plural noun, singular Se·phar·di [suh-fahr-dee, suh-fahr-dee] /səˈfɑr di, sə fɑrˈdi/.
Origin of Sephardim
Examples from the Web for sephardic
Contemporary Examples of sephardic
Jews of Sephardic origin were protected by a law of 1924 that granted them Spanish citizenship.The Week in Death: Suzanne Gelleri Dear
December 15, 2013
Yosef was a leader in religious outreach, and brought thousands of Sephardic Jews back into the religious fold.
To millions of Sephardic and Mizrachi Jews around the world, he was a hero.
Her words were warmly received by the Speaker of the Knesset, a politician from Shas, the Sephardic ultra-Orthodox party.Religion And State In Ruth Calderon's Knesset Speech
February 15, 2013
The decisive faction here might be the Shas party, which represents the large Sephardic population.Israel’s Religious Zionist Vs. Ultra-Orthodox Rift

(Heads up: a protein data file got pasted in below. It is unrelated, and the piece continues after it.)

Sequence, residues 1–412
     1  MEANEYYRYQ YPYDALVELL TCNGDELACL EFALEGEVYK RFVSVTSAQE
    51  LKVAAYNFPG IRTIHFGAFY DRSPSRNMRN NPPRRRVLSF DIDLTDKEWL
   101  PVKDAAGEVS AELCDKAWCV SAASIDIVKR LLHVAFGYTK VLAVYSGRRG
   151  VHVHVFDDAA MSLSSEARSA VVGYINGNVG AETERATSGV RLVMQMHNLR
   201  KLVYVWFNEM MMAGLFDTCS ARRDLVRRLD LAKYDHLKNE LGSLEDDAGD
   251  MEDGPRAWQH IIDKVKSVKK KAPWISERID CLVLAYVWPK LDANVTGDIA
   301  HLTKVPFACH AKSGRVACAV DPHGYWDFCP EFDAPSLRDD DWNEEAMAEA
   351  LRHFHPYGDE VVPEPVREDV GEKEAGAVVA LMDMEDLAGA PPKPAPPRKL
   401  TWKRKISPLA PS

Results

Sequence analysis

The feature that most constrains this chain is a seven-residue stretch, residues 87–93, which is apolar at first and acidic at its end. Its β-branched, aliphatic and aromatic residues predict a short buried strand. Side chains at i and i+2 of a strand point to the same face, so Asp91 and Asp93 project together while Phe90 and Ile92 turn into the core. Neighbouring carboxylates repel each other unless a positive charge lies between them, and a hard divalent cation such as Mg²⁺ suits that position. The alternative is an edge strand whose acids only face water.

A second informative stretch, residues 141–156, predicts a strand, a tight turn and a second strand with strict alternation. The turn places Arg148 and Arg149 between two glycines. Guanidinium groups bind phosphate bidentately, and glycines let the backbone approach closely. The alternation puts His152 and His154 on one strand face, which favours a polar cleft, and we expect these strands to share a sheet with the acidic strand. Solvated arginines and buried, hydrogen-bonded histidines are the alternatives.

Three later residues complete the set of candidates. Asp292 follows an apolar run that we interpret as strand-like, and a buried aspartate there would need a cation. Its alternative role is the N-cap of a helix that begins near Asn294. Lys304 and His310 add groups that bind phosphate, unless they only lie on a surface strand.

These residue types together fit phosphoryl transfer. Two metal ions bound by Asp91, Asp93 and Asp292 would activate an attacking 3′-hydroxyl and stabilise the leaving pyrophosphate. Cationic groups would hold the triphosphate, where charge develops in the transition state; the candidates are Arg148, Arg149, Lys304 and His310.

Rabbi Daniel Landes
February 7, 2013
Historical Examples of sephardic
A Sephardic Jew lived and moved and had his being "by permission of the Mahamad."
His daughter was to be married under the Sephardic canopy, and no jot of synagogual honour was to be bated the bridegroom.
But the very enormity of the misery they endured387 raised the dignity of the Sephardic Jews to a height bordering on pride.History of the Jews, Vol. IV (of VI)
These Jews, true to their religious instincts, built synagogues wherever they settled and were called Sephardic Congregations.On the Trail of The Immigrant
Edward A. Steiner
The Sephardic Jews in all these respects occupied a superior position, and they merited the partiality shown to them.
plural of Sephardi "a Spanish or Portuguese Jew" (1851), from Modern Hebrew Sepharaddim "Spaniards, Jews of Spain," from Sepharad, name of a country mentioned only in Obad. v:20, probably meaning "Asia Minor" or a part of it (Lydia, Phrygia), but identified by the rabbis after the Jonathan Targum as "Spain." Related: Sephardic.